and. I hone, to enioy yourselves, I would
ask your patience and forbearance while
I relate a little story. On this same night
a eood many years ago, so many that
sc&rcelv care to count them, there passed
along yonder highway, through a driving
storm and bitter cold, a poor young wo
man, leading by the hand a little boy of
six years her son. Whence she came, or
how. matters not in my story. She was
destitute, hungry and broken-hearted, but
she saw the lights in yon village yonder,
and was pressing cn with a fierce energy
toward hope and help in the distance.
Alasl weaned nature could bear her up no
more, and she sank down under the dark
shadow of a tree by the roadside. Even
then not forgetting to shield her poor
child under her thread bare scanty gar
ments from the cutting blasts. 1 hey tell
asleea She is sleeping still in the dear
old church-yard yonder. The little boy
whom she warmed in her last emorace
was spared by Providence to grow up to
be the old man who no w stands before you.
Ood sent me kind and benevolent friends
from among you in those terrible days of
adversity. For my life, my education, my
whole character I have to thank those of
you (and there may be some here who re
member the incident) who took me in
their keeping, and provided for me until,
in an ungrateful day. I stole away to make
my way alone in the wine, wiae woria.
My friends, it has been a hard, long
ournev for these forty years. I have seen
disease carry me to the verge of a tomb to
which I had previously consigned all
whom I loved. Storms and war and other
misfortunes have, time and aeain, left me
all but impoverished. Yet I have come
out unscathed, carrying with me through
it all the remembrance of that unpretend
ing tombstone in yonder churchyard, and
the consciousness of one solemn impera
tive duty to be done before I die. That
duty, by God's will, I shall to-night dis
charge. Nevermore, if I can help it shall
a poor struggliHg mother perish in cold
and want bv vour roadsides. Never shall
your poor, your sick, your aged want for
comfort, food and shelter. See! this
building which I have caused to be erected
do you know what it is for? For me,
do you thick? "I expect fiaoerto enter it
again. It is for your poor and sick and
destitute. I have built it" and here the
old gentleman nervously pulled a docu
ment from his vest pocket " See ! here
is a copy of a deed by which I have trans
ferred this house and ground entire to the
proper authorities for this purpose. In
doing this act I realize the dream, the am
bition of the greater part of my life. I
thank "God that he has enabled me to so
realize it And now. in conclusion, my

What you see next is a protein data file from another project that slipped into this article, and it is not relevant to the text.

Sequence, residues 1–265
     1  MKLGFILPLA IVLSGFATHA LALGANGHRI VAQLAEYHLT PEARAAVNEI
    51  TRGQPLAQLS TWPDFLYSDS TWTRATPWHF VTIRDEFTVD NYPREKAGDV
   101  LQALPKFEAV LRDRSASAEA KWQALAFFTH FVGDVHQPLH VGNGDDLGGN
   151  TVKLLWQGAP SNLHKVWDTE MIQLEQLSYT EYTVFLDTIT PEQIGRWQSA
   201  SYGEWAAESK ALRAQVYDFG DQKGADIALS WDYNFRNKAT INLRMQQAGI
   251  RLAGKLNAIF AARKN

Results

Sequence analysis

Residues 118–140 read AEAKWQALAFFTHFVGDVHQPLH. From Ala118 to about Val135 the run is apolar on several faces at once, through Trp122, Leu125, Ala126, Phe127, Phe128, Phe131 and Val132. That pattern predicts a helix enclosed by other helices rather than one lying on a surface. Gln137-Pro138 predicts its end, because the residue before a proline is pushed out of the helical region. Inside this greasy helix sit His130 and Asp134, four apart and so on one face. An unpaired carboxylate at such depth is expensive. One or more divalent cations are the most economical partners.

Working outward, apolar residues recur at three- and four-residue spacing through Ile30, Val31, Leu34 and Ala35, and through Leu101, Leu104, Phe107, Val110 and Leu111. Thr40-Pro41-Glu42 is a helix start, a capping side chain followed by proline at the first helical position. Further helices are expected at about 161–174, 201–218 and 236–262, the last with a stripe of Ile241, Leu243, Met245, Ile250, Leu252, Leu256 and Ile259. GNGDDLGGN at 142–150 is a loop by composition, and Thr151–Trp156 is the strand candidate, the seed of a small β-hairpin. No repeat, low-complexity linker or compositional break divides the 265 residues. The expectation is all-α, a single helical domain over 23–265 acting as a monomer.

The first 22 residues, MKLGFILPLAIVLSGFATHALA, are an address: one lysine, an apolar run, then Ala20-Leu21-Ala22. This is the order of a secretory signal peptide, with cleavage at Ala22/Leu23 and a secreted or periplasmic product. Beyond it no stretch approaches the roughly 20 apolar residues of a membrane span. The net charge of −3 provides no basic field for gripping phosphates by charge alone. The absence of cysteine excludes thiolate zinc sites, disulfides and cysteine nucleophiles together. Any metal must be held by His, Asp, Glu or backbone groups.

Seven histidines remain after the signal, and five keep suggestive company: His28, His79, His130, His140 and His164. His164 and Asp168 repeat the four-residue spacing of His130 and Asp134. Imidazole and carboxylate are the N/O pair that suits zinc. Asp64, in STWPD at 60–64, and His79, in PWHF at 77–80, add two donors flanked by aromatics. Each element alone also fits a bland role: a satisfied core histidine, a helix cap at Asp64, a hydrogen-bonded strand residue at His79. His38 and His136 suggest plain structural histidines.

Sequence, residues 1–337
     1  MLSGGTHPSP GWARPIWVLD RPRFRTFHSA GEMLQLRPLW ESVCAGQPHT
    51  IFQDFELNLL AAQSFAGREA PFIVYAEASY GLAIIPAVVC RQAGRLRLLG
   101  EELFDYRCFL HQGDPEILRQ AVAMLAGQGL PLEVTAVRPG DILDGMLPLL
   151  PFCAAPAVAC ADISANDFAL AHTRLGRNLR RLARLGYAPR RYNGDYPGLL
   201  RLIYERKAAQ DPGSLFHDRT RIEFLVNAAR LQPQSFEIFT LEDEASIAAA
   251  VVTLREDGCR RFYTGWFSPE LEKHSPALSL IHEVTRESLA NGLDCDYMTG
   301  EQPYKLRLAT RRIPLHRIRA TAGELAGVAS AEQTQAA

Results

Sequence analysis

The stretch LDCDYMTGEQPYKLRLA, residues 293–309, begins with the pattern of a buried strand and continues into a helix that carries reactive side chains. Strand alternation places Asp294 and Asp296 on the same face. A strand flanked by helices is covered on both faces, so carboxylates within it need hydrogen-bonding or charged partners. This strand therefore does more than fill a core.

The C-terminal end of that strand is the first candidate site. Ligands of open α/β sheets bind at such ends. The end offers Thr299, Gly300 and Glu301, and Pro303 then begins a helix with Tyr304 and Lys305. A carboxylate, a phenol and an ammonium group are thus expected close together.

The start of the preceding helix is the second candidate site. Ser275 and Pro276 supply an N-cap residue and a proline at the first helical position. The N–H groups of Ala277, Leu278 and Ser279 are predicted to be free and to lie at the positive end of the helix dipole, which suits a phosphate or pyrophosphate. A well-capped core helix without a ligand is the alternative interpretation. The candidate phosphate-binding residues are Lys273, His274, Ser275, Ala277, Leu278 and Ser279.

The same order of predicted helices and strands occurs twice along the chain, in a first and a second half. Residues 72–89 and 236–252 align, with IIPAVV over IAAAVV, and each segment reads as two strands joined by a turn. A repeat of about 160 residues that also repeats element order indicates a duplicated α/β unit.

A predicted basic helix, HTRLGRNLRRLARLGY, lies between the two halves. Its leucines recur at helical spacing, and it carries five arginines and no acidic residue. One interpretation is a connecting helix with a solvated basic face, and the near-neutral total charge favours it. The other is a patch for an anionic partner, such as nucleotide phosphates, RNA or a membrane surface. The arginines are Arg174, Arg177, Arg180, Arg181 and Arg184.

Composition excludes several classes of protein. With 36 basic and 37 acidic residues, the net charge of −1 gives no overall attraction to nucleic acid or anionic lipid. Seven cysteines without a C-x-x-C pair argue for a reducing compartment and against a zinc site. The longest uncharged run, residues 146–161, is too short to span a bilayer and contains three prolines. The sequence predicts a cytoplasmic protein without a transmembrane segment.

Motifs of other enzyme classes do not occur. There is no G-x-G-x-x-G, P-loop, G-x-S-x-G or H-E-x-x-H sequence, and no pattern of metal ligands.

good friends, I will say that you will find
music all ready in the other room for an
old fashioned dance, and a good supper
when you want it Make yourselves as
happy as you can, but I doubt whether, at
the height of your glee, there will be one
among you who is half as happy as old
John Thompson."
Amid tears and cheers, and countless
wringings of his withered hands, the old
ecntleman descended from his chair, and
was lost in the crowd. He came to the
surface once more in the first jig, dancing
at a furious rate with the prettiest buxom
lassie in the room, and then disappeared.
The feasting and dancing went on until
morning; but when the daylight stole in,
and the guest3 began to ask for Mr.
Thomnson. to bid him " good-bye." nobody
had seen him he had shot away behind
some jingling sleigh-bells in the night, and
has never since been back to W .
Iced Water.
During the hot season the excessive
use of iced water is one of the most pro
lific sources of disease and sudden death.
In very hot weather, when water is rend
ered extremely cold by the use of ice in
the cooler, no person should drink it in
that condition, but should pour in, or draw
from the hydrant as much water of the
ordinary temperature ' as will modify the
iced water to about an uctotjer tempera
ture. Then he may drink without damage.
Nothing is worse for the teeth than ex
tmmplv cold water : and many a man has
acquired dyspepsia by its bad effect upon
the stomach. Not a tew have suffered
from congestions which were dangerous or
deathly. We remember a boy, smart,
black eyea, ana nanasome, wuu waswu
nected with our office. He was ju3t old
enough to be wise above that which is
written. isemg one uay rouuusuaicu
with foT drinking two or three glasses of
water as cold as ice could make it he re
plied tartly, " Water is never too cold for
me ; I never feel the slightest injury from
its use." The weather was extremely hot
and if ever cold water could be used at any
time, that, of all others, when the system
was e-verheated, was not the time to use it
so copiously. The next day he was not in
the office, and the following day he did